Several taboo subjects aren’t considered appropriate water cooler talk, such as revealing intimate details about your dating life or telling your boss about your wild weekend in Vegas.

But what if you have a chronic pain condition? Do you tell your manager about your health issue, especially if your pain is affecting your ability to perform your job? Do you let human resources know? Or do you keep your health concerns to yourself out of fear of losing your livelihood?

According to experts, learning how to appropriately discuss your pain can help you keep your job and get the changes you might need to be more comfortable at work, physically and emotionally. Some tips to consider:

Unless it’s necessary, refrain from sharing personal medical information in the workplace. It’s easy for some people to be confused about the meaning of a medical diagnosis, or how some medicines work, said Evelyn Corsini, a social worker with painACTION. There’s really no such thing as speaking to someone in absolute confidence in the workplace, and someone who misunderstands may accidentally pass around incorrect information. You may never know what other people have been told or be able to correct misperceptions.

If you have to talk about your condition, choose your words carefully. The words disability, chronic illness, and accommodations spark strong reactions with some employers. Even though the Americans with Disabilities Act (ADA) was passed in 1990, some companies are still concerned about its ramifications.

An accommodation (also called an adjustment) can be as simple as getting a brighter lamp or a more ergonomic chair. But it could also mean altering your schedule so that you can get to doctors appointments or have medical treatments.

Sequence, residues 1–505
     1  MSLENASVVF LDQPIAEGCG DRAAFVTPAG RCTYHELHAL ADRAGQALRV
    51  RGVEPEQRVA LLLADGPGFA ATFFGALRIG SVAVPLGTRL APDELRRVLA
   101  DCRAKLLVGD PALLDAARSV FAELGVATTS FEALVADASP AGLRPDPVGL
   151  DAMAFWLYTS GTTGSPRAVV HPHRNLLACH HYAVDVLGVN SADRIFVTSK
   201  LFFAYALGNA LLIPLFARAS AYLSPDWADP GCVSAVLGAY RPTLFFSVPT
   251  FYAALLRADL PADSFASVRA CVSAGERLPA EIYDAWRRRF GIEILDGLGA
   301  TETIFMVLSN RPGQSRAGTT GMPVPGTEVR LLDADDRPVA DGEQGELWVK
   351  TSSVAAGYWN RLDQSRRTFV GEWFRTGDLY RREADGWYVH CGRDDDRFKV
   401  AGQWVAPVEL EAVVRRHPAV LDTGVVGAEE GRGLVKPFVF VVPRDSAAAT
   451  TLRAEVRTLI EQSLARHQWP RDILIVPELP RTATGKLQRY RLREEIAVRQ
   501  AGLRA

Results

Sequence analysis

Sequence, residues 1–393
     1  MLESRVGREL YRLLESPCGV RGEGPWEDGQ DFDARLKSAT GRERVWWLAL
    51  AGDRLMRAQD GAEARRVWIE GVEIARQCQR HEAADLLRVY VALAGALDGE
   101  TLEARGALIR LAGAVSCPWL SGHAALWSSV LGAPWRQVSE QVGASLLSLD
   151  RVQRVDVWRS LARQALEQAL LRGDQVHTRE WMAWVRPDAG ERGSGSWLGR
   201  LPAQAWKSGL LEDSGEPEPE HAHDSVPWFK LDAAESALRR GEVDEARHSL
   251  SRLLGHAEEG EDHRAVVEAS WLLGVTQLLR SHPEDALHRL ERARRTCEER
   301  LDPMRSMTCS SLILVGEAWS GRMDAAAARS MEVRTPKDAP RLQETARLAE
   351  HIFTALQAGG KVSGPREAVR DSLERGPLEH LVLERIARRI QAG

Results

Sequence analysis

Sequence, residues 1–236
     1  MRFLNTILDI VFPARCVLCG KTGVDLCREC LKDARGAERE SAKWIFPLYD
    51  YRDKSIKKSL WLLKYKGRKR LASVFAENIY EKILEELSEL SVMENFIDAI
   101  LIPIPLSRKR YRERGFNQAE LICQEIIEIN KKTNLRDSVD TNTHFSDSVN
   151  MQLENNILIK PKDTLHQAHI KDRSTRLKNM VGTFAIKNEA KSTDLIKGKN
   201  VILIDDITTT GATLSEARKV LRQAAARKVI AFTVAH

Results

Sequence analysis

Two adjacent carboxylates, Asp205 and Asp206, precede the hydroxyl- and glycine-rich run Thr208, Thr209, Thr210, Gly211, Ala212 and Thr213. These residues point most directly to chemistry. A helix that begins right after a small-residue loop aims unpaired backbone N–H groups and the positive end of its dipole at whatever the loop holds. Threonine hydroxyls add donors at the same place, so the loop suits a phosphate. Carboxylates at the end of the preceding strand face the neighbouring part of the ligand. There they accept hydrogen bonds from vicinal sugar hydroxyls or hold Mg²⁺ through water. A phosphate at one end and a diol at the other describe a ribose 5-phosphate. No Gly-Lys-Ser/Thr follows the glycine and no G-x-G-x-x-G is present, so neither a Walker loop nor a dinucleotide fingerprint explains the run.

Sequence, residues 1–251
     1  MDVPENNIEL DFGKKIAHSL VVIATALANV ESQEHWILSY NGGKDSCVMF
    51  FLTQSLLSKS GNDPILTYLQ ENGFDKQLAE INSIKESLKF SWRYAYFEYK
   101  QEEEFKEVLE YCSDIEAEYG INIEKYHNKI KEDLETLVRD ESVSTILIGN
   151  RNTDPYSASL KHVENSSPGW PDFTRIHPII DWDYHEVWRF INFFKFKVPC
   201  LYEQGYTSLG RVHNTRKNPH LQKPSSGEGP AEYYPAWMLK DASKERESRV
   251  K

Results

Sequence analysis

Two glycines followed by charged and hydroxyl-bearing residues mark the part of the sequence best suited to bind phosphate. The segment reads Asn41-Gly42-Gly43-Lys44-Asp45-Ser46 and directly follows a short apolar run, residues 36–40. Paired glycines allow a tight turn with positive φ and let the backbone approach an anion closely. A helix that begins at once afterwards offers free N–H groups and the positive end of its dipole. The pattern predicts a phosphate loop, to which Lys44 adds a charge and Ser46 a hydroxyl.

The ADA says that employers have to give a reasonable accommodation to a worker who has a disability, as long as the accommodation isn’t a hardship for the employer, Corsini said. In addition, businesses don’t have to offer paid sick leave or health insurance to a disabled worker if no one else in the company gets those benefits.

Be sure to speak with the right person, someone who can make a decision or reliably relay your situation to someone who can. In any event, know who the decision maker is. That’s usually a manager, or a vice president in a larger company.


Before scheduling a meeting with your boss, detail what you need.

What are your challenges, and how can your boss help address them so that you can both be successful? For example, if you have difficulty with pain or have an early-morning therapy appointment, would arriving a little later be possible without interfering with your responsibilities or affecting your colleagues? And what about working from home?

You and your boss may be on friendly terms, but your pain problem is not an area for you to bond, said Linda Ruehlman, a health psychologist and director of the Chronic Pain Management Program.

The goal of your meeting should not be to elicit social support or sympathy, she said. Anything you share should be related to how you will continue to perform, despite your pain. You want your boss to maintain faith that you can do your job.

Share with us: Have you had challenges at work related to your chronic pain? If so, how did you handle them? Did you tell your boss, or keep things private? Share your experiences with the Pain Resource community.


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